The exact same reasoning is why human beings in pain swear multiple times. Swearing one time only replaces a small amount of the pressure the pain has caused them to lose. It requires multiple reinflations via multiple swearing to raise the bodies pressure back up to where it should be, just like it takes multiple pumps of a bicycle pump to reinflate a bicycle tire to it’s proper pressure.

How could scientists miss something so trivial? The subject of pressure is covered in high school chemistry and physics. The subject of pressure is then repeated in college chemistry and physics. If scientists had to take all of those courses to become professional scientists, why is it they can’t figure out that swearing reduces feelings of pain by pumping the body up with air pressure?

Because Scientists R Stoopid. What other reason could their be?

The original news story is reprinted next.

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Scientists have discovered that uttering swear words can help to lessen the feeling of physical pain.

The study by researchers at Keele University found that volunteers were able to withstand pain for longer when they swore compared to when they used words which were not offensive.

Dr Richard Stephens, who conducted the study at the university’s school of psychology, believes it may explain why swearing is still common place in languages around the world.

He suggests that swearing could have evolved as a way of raising aggression levels and reducing the feeling of pain to allow our ancestors to flee or fight back when attacked by predators.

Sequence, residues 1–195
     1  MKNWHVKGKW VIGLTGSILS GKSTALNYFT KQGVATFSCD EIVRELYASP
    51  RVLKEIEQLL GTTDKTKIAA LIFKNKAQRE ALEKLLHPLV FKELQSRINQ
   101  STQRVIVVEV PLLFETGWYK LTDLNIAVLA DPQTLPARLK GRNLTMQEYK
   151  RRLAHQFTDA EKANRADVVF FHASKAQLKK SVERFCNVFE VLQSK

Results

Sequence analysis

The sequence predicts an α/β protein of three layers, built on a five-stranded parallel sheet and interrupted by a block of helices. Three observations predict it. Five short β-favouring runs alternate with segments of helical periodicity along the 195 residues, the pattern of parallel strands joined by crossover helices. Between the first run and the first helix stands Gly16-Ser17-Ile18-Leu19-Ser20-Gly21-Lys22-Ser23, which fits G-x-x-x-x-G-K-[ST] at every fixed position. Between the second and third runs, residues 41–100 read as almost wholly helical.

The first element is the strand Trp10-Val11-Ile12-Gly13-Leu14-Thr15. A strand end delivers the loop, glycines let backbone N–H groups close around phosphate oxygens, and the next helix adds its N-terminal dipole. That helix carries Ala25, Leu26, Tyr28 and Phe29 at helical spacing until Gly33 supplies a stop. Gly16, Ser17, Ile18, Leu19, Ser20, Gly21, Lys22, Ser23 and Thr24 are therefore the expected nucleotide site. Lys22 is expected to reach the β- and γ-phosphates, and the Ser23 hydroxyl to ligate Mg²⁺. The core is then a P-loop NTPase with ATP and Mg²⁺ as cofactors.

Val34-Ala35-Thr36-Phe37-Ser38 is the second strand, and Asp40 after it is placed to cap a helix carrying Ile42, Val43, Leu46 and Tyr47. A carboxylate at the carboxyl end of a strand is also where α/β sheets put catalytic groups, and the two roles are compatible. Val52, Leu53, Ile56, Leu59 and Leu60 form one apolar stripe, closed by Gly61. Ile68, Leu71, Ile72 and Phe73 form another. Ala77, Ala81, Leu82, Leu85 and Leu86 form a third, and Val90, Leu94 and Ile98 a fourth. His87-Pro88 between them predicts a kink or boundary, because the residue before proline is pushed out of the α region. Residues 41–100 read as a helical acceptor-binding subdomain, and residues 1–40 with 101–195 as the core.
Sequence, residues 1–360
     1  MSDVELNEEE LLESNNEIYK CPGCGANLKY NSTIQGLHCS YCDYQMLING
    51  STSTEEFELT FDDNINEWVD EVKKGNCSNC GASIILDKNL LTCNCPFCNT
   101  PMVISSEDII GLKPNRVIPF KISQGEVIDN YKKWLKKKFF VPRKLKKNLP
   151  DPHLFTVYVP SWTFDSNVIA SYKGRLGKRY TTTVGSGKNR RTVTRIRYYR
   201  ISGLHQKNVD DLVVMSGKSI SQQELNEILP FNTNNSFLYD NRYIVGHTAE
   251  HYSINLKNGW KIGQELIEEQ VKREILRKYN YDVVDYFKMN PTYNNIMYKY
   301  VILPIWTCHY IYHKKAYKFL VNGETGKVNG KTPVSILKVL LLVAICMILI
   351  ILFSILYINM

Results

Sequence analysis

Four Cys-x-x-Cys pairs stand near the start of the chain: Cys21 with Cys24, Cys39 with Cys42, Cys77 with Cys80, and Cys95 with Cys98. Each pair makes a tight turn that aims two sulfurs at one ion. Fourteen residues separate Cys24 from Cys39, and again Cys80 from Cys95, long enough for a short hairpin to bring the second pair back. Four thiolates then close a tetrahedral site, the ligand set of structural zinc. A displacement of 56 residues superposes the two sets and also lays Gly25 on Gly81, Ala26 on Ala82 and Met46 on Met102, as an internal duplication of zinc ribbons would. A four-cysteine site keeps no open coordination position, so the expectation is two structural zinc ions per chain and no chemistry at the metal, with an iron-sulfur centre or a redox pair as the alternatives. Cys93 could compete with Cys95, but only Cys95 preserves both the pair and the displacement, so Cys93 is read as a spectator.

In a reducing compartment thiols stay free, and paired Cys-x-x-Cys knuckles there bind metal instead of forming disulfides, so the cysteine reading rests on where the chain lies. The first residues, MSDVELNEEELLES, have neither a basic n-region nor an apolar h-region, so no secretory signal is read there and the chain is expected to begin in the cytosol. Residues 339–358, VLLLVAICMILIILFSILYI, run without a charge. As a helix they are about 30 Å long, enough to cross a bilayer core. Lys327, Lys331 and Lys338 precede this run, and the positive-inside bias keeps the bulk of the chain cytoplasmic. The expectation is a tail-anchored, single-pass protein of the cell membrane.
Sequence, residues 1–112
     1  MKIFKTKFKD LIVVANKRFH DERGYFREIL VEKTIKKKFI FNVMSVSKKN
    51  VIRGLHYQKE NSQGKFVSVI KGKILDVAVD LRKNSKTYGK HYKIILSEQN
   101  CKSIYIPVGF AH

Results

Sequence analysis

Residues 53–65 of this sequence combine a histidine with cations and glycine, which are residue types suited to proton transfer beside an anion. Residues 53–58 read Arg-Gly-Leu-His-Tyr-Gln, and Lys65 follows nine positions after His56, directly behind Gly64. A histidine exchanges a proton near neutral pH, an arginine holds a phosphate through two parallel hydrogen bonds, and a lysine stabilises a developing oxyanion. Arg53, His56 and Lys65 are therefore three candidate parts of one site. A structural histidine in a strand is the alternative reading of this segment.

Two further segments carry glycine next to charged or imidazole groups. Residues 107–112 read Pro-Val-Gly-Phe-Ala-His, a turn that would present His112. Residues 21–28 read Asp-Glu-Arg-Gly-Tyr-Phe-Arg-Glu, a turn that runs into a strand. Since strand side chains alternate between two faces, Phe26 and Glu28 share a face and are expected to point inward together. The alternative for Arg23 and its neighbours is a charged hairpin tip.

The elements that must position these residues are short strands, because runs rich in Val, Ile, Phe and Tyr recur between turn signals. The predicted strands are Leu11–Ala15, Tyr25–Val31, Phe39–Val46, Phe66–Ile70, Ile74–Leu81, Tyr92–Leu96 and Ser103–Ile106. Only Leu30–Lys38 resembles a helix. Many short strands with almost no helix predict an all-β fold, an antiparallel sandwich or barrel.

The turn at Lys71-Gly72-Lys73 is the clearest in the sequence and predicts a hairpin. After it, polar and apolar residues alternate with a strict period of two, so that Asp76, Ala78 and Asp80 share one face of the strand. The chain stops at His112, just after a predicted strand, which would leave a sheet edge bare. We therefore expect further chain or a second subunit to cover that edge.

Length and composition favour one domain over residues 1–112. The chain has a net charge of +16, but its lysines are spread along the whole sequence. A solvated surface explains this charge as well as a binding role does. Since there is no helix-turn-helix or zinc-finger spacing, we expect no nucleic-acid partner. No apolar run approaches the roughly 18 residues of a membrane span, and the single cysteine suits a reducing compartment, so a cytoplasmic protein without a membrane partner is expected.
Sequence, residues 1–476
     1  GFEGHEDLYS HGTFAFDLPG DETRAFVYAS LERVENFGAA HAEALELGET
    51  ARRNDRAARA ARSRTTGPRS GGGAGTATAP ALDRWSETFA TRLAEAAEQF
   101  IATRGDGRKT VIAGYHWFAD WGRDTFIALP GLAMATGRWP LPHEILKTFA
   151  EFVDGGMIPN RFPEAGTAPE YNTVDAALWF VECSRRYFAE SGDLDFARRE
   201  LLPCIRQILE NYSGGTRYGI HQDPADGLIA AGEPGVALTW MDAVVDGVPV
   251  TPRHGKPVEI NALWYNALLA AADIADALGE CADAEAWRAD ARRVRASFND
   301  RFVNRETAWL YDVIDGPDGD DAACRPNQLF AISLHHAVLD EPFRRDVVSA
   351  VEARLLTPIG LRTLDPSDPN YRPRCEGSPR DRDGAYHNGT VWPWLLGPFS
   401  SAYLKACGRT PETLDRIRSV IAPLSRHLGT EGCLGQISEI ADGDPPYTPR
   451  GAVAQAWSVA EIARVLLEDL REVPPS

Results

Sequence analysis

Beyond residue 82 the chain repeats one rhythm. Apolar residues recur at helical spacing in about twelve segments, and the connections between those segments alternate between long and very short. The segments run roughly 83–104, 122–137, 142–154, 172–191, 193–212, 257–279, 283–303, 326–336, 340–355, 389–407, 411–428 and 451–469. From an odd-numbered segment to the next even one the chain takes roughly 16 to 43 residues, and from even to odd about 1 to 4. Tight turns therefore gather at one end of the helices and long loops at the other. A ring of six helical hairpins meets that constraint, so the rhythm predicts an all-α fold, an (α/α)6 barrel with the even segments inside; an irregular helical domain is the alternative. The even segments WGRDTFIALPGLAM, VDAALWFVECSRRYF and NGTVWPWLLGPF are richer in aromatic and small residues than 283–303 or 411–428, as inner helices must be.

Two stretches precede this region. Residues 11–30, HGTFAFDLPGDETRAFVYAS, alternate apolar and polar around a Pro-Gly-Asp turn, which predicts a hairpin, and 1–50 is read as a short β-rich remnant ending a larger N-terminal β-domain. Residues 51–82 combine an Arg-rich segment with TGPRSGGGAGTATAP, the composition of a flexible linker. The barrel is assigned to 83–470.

He said: “We think it could be part of the flight or fight response. In the volunteers who swore, we also found they had an elevated heart rate, so it could be increasing their aggression levels.

“Increased aggression has been shown to reduce people’s sensitivity to pain, so it could be swearing is helping this process.”

The researchers, whose findings are published in the journal NeuroReport, tested 64 students’ tolerance to pain by asking them to submerge their hand in a tub of ice water for as long as they could while repeating a series of swear words of their choice.

They were then asked to carry out the task again while repeating non-offensive words they would use to describe a table. One subject, however, had to be excluded from the trial because they could not suggest any swear words.

They found that volunteers who swore were able to keep their hands submerged in the water for an average of 40 seconds longer. When questioned about their perceived pain they also rated it as being lower.

The researchers also measured the volunteers’ heart rate and found that it increased while swearing.

Dr Stephens said that the result was the opposite of what they had expected as most psychologists suggest that swearing is a symptom of “catastrophism”, where there the drama-queen inside everyone takes over.

He said: “Swearing is quite an emotional form of language and it is an almost universal human linguistic phenomenon.

“When my wife was in labour with our daughter she felt the need to f and blind at one point, but was very apologetic afterwards. The midwife said they were used to that kind of language on the delivery ward, so it got me thinking.”

“Our research shows one potential reason why swearing has developed and why is persists.”